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Style over Calendars

March 13, 2012

Daddy and Mother just started seeing a counselor to help them cope with and best manage their new lifestyle. At their first appointment the counselor suggested they keep a calendar. After all, Daddy often forgets conversations and decisions that occurred minutes prior. For example, the doctor recently ordered Daddy to get more exercise, so he lay out some workout clothes the night before joining the gym Mother already attends. But after showering the next morning, he dressed in his usual attire as if a debate over which track pants to wear never took place. The counselor thought Mother should buy one of those huge office calendars with tear-off pages for each month. That way Daddy can see detailed notes regarding what the day will bring, and hopefully will feel calmer and less confused.

Mother will write Daddy’s daily tasks on an index card that is separate from the enormous calendar:

  • make coffee
  • make the bed
  • wash the dishes
  • take out the recyclables
  • clean doggie nose prints off the breakfast room windows
  • sweep the porch, deck, steps and sidewalk
  • refill the bird feeders

Daddy felt particularly excited about placing a check mark beside completed chores.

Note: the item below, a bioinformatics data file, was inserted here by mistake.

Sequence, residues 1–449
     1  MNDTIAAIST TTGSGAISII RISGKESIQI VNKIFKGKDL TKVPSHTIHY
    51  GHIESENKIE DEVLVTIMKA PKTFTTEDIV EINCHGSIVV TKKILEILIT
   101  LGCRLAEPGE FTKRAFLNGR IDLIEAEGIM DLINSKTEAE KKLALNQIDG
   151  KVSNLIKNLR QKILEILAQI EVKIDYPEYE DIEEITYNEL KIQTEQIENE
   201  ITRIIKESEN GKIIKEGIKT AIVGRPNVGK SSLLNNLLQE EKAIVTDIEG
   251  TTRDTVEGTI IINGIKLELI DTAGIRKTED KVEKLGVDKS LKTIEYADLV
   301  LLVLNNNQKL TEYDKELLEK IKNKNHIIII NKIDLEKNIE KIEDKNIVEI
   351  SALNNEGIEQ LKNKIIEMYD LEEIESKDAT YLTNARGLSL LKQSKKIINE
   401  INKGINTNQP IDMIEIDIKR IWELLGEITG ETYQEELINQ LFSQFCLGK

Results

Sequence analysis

“I don’t know where we’re going to put that awful calendar,” Mother moaned on the phone. “Daddy will not spread it out on the pub table. Oh, it will fit on the back of the door in the boiler room…” she trailed off, measuring the dimensions while she talked.

No matter what, aesthetics prevail in the Wages household.

When I still was in denial about Daddy’s condition, I often complained to Mother about Ryan’s hideous comforter we would have to use after moving in together. My former bedspread boasts lavender fabric with tree branch silhouettes while Ryan’s consists of an ugly suede patchwork of two-tone brown. (His ex-girlfriend picked it out.) My bed set is much more soothing and beautiful, but alas, I have a full-size mattress and he, a king. So we snooze beneath the suede atrocity, while my blanket lies lonely in the guest room.

“What does it look like, Bobbin? WHAT?” Mother winced through the phone as I attempted to describe Ryan’s comforter. “Oh, god…”

In another phone conversation soon after, Mother notified me that a member of the church had called to check on Daddy. “You know, she said you can always register for a new comforter. People could go in together on it.”

Small wonder that the dialogue transitioned from Daddy’s mental health to Ryan’s and my registry.

Daddy keeps telling me I have to live my own life and be happy. I guess replacing the comforter is one superficially miniscule part of moving forward. I need to put that on Ryan’s calendar.

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3 Comments leave one →
  1. Timber permalink
    March 25, 2012 11:48 am

    Please, please replace that comforter. I’m willing to chip in for that!

  2. March 25, 2012 12:57 pm

    Everyone supports the replacement of the comforter. Perhaps I’ll start an online fundraiser.

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